I borrowed a C. S. Lewis book from the library this week – I really like the way he explains concepts in Christianity. This is a collection of his articles and essays which hadn’t been published together before. Short chapters with all the quintessential C. S. Lewis goodness. The second is ‘Miracles’, and aside from the excellentness contained therein, I noticed the similarities with what Mormon and Moroni share about miracles, the second of which I’d been reading also this week, in Moroni, chapter 7. Let’s start with Moroni’s rhetorical question in answer to the critics of the future that miracles no longer happen, or are not credible. (As an example, Methodist minister/leader George Whitefield, 1714-1770, said: “As for the extraordinary operations of the Holy Ghost, such as working of miracles, or speaking with divers kinds of tongues, they are long since ceased.”)
Wherefore, my beloved brethren, have miracles ceased because Christ hath ascended into heaven, and hath sat down on the right hand of God?
Behold I say unto you, Nay; neither have angels ceased to minister unto the children of men.Moroni 7:27 & 29
The situation is stated: miracles exist, and angels still appear to mortals. How do we know? Why can we be certain? Because it’s the pattern of how God works. If He once did miracles, then He still does them. Whether you see them or not isn’t evidence that they’ve ceased.
And now, all ye that have imagined up unto yourselves a God who can do no miracles, I would ask of you, have all these things passed (the resurrection of all, the end of the world, and the Judgement), of which I have spoken? Has the end come yet? Behold I say unto you, Nay; and God has not ceased to be a God of miracles.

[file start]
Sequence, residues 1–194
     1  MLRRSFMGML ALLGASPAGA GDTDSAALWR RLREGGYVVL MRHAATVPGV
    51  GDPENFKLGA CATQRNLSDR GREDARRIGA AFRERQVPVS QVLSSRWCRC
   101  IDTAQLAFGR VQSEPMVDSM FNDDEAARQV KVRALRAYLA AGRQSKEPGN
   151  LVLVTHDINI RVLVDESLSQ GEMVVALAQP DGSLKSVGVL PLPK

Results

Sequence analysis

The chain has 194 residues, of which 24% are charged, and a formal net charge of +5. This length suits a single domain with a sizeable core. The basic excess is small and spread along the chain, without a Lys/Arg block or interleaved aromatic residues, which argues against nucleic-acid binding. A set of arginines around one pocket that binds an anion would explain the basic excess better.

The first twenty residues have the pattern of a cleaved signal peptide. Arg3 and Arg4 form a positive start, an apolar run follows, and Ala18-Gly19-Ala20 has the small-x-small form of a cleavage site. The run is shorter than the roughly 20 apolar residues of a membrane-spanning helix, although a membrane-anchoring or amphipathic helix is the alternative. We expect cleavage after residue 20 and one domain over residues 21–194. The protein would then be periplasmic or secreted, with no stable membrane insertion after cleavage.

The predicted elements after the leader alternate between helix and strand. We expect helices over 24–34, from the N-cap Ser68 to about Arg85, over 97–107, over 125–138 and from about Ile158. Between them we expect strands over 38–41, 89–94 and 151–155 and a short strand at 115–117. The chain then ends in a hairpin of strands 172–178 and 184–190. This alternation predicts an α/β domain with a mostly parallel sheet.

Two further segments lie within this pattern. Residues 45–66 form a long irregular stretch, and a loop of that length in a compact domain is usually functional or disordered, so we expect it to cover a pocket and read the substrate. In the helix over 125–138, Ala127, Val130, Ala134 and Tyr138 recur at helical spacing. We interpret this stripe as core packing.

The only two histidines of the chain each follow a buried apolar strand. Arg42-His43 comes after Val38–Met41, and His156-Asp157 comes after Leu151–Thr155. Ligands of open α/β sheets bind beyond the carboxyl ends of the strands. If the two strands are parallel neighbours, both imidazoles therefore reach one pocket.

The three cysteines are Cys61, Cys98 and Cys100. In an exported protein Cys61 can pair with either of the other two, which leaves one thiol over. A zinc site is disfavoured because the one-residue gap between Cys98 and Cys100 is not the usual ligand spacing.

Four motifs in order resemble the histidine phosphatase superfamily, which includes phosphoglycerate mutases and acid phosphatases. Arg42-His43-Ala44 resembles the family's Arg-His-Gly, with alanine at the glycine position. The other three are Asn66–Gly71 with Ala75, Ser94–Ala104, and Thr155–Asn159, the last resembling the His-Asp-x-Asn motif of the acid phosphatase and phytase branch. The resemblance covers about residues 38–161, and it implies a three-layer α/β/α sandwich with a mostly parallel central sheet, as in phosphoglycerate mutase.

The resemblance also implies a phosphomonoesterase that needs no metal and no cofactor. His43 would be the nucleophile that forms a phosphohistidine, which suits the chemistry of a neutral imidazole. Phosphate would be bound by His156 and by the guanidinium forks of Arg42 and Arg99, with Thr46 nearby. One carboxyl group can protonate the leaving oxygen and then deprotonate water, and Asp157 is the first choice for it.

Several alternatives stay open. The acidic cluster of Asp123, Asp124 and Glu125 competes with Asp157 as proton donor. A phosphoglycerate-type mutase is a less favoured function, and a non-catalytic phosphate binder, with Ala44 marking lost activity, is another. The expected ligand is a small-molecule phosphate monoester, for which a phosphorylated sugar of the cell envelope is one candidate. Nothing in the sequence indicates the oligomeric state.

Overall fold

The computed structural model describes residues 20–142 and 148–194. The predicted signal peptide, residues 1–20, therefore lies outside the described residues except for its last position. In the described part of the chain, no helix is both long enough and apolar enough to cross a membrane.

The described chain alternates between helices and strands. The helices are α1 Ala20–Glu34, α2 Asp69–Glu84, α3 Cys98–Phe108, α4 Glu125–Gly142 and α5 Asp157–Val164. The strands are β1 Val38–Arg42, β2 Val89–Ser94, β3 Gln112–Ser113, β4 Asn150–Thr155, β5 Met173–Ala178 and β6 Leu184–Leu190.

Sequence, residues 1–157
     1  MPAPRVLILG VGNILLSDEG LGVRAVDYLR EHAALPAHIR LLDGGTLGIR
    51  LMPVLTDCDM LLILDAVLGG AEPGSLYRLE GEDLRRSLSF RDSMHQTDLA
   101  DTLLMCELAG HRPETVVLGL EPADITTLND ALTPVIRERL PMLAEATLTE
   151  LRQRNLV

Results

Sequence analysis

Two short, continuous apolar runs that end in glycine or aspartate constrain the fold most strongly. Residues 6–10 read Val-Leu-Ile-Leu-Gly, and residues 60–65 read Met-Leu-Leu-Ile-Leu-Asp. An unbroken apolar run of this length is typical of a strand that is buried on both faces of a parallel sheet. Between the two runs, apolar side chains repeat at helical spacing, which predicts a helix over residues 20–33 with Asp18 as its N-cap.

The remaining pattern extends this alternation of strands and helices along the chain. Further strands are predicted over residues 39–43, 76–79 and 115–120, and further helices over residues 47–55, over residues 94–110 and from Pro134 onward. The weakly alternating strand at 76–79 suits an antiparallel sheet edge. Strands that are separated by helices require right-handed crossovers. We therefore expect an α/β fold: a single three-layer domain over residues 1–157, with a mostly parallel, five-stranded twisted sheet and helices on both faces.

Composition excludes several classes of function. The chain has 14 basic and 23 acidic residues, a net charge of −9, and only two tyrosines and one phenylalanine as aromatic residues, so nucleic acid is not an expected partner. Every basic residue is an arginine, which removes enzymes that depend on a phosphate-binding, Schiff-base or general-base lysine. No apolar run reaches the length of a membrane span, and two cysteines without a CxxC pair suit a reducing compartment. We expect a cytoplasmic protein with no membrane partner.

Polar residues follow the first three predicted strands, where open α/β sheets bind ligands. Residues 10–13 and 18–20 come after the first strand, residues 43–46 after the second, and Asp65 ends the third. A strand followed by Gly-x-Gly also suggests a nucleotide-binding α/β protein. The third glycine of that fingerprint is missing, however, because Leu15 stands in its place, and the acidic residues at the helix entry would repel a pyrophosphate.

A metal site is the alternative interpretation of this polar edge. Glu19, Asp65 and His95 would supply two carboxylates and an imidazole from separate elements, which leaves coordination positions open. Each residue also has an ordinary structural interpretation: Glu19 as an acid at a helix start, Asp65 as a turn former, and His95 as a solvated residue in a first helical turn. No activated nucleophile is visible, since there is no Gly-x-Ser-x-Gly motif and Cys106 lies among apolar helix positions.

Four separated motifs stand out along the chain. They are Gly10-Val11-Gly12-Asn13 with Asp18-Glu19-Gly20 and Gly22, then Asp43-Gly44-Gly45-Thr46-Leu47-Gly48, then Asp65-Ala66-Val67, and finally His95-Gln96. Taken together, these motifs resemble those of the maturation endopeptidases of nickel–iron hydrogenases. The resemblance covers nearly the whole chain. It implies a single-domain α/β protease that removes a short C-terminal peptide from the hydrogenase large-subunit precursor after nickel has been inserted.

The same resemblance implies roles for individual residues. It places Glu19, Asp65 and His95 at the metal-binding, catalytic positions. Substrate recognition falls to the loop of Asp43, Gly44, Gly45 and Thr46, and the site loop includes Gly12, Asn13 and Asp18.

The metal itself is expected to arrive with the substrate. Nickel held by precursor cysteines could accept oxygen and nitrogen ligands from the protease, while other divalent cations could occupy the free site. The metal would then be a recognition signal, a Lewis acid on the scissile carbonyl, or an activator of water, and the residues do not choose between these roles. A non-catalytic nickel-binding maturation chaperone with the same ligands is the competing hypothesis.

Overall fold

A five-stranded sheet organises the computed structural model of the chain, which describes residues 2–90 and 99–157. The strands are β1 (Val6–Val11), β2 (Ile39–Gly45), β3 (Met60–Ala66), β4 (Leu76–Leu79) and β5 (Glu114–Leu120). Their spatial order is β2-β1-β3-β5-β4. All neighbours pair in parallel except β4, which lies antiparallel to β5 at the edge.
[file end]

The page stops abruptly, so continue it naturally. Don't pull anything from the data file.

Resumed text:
Behold, are not the things that God hath wrought marvellous in our eyes? Yea, and who can comprehend the marvellous works of God? Who shall say that it was not a miracle that by his word the heaven and the earth should be; and by the power of his word man was created from the dust of the earth, and by the power of his word have miracles been wrought?
And who shall say that Jesus Christ did not do many might miracles? And there were many might miracles wrought by the hands of the apostles.
And if there were miracles wrought then, why has God ceased to be a God of miracles and yet be an unchangeable Being? And behold, I say unto you he changeth not; if so he would cease to be God; and he ceaseth not to be God, and is a God of miracles.
And the reason why he ceaseth to do miracles among the children of men is because that they dwindle in unbelief, and depart from the right way, and know not the God in whom they should trust.Mormon 9:15-20
So, the problem, if you see no miracles, is not with God, but with you.
Moroni contends that everything in the world – everything that’s happened until now, and will happen – is a miracle. God is a powerful Being who performs marvellous works. He did these in the creation of the earth and of man, and those are ongoing. With these acts as a model, how and why would God not continue to perform such things? Why would His power have waned? If this is His pattern, then this is how He works. Still. Or He would no longer be God. He is, of course, still God; and so it follows that He still performs marvellous works.
C. S. Lewis explains this from the teachings of Athanasius:
There is an activity of God displayed throughout creation, a wholesale activity let us say which men refuse to recognize. The miracles done by God incarnate, living as a man in Palestine, perform the very same things as this wholesale activity, but at a different speeed and on a smaller scale. One of their chief purposes is that men, having seen a thing done by personal power on the small scale, may recognize, when they see the same thing done on the large scale, that the power behind it is also personal – is indeed the very same person [or power] who lived among us two thousand years ago. The miracles are in fact a retelling in small letters of the very same story which is written across the whole world in letters too large for some of us to see.
Then he describes perfectly how this works – how everything in our world is a miracle, really, and how the miracles Christ performed in His mortal ministry are so similar to the larger miracles of the natural and human world.